Employee Testimonials

About Our Work Environment

I remember standing with other IEM employees watching the events of September 11, 2001, unfold on television. I was filled with many thoughts and emotions. Amid my anger and frustration, there was comfort in knowing that IEM had important work to do in protecting public safety against terrorist threats. We are now working in several areas that are new since that day. This is scientifically exciting, but it also gives me a feeling of mission and a resolute pride that my work helps us to resist those who would harm our people and our nation. —Steve, Atmospheric Physicist/Dispersion Modeler

At IEM, you can use your theoretical knowledge and apply it to interesting and challenging scientific problems, engage in stimulating scientific debate in the best tradition of research on a daily basis, and solve real-world problems in a spirit of friendly cooperation. IEM is the perfect place for an intelligent science or engineering graduate who wants to work in the corporate world but thrives in a campus-like atmosphere. —Neeraj, Computational Physicist

There are a lot of smart people here, with knowledge in a lot of fields I don’t have a background in. I’m being exposed to a lot of things I didn’t know about when I came here, and I learn something new almost every day. —Gary, Nuclear Engineer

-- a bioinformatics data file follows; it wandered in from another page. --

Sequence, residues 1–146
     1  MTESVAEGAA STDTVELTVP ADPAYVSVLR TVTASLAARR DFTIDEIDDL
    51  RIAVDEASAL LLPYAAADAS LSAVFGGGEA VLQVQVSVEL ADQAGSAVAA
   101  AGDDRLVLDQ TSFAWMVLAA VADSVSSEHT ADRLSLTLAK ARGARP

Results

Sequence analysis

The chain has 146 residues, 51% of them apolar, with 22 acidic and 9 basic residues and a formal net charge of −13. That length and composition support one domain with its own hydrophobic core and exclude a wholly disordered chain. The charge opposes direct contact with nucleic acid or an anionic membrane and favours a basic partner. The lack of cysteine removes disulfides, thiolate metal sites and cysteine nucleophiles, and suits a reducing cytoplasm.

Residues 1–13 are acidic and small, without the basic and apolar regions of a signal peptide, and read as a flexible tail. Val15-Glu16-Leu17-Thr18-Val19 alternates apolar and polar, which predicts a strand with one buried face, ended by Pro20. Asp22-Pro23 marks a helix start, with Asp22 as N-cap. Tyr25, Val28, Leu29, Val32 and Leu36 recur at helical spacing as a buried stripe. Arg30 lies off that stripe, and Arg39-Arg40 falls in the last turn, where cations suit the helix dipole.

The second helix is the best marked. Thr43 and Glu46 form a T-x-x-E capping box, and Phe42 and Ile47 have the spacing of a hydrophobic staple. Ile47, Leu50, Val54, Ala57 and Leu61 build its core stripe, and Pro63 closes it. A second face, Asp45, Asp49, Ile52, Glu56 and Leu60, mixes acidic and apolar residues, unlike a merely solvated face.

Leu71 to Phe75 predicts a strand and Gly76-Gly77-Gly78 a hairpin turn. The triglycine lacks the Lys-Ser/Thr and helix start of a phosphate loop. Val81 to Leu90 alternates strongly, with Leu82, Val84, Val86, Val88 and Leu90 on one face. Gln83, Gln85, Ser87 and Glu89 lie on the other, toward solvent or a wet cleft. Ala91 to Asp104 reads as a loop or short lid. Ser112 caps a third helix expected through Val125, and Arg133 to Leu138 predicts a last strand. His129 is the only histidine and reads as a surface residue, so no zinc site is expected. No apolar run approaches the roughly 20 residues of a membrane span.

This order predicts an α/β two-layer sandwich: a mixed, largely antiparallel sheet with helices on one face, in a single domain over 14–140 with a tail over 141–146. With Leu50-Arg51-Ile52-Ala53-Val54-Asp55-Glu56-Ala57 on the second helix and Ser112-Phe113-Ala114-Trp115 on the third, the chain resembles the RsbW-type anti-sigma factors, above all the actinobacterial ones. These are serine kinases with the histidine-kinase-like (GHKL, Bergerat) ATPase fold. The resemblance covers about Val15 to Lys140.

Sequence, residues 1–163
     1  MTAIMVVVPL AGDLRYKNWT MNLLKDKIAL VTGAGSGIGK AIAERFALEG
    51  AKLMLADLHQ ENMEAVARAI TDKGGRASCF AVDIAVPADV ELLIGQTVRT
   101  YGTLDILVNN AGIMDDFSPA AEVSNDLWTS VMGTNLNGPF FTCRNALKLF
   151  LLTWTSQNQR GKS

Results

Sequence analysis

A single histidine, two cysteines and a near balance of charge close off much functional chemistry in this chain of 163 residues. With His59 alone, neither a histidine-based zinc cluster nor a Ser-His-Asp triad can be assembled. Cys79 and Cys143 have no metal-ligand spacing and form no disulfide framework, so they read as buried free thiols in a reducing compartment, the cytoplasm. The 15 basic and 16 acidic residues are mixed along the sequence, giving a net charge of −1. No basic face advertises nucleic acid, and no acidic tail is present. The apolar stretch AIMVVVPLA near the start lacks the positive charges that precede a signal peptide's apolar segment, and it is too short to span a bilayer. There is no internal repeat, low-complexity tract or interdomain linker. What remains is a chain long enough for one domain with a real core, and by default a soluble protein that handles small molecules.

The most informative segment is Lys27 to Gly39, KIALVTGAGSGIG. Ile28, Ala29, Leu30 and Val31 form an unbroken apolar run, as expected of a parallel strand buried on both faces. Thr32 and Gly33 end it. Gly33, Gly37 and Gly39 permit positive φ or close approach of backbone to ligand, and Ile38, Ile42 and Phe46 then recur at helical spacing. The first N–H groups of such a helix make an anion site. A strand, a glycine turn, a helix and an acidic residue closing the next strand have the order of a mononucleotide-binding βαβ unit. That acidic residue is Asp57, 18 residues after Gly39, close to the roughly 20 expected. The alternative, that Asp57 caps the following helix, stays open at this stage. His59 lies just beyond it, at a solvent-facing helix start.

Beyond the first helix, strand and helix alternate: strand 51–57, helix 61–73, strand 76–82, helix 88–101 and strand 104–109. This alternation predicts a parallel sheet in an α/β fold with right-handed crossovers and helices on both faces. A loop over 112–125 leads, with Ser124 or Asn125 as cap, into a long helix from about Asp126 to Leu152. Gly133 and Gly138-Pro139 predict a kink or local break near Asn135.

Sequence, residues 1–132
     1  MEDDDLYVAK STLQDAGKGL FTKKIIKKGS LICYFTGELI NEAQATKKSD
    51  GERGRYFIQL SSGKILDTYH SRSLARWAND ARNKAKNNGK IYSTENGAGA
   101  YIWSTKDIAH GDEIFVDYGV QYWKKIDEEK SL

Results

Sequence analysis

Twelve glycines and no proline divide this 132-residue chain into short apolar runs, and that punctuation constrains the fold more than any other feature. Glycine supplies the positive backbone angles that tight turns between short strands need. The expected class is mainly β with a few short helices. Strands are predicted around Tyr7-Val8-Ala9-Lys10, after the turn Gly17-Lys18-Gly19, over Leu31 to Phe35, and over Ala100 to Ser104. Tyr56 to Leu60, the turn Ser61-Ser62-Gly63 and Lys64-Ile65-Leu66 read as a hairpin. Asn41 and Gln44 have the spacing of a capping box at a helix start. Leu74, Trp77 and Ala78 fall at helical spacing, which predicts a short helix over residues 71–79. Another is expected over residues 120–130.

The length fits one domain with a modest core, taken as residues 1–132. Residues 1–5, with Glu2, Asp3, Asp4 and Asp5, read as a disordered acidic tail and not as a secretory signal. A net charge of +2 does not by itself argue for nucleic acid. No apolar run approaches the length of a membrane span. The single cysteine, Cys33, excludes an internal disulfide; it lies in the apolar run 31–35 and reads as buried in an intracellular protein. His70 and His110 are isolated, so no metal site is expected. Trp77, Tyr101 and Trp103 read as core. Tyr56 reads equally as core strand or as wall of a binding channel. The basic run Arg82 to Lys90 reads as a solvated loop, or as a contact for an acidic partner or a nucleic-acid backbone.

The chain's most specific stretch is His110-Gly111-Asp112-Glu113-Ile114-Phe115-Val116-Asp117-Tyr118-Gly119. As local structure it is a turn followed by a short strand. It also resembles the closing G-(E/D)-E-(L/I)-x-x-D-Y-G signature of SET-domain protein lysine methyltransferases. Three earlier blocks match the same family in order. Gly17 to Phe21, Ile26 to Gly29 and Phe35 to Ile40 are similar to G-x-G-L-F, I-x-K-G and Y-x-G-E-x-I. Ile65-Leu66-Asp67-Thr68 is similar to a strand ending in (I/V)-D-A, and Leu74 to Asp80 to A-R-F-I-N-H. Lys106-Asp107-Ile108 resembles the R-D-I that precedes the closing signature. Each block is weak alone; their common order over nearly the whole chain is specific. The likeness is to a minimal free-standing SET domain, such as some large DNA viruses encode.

The work at IEM can be fascinating. The problems are complex and call for a high degree of teamwork. It’s really been a pleasure to be able to tangle with these difficult problems as part of an accomplished team. —Mike, CBRNE Modeler

The great thing about IEM is the cutting edge technologies that developers get to work with! Since coming to IEM, I’ve been able to work with more fun and exciting technologies than in all of my previous jobs combined. —Brad, Software Engineer

IEM is more than just a job. The interaction between us is tremendous. The respect between us is amazing—young and old, techies, geeks, and laymen; all of us just enjoy what we’re doing and do it well, because we want to. The dress code is outstanding. At no other place can you just relax and do your job. We love this place! —Craig, NBC Defense Expert

About Our Company Culture

IEM is a very family-friendly place. The flexible work hours are real, not just a gimmick. In many places, they claim to have flex time, but the informal rules are that you have to be at work from 9–5. At IEM , your schedule really is flexible. That can make a big difference if something comes up at home that you need to deal with. —Mike, CBRNE Modeler

Instead of worrying about picking up my business clothes from the dry cleaners, the laid back atmosphere at IEM allows me to concentrate on the more important tasks in my day. —Amber, Design Specialist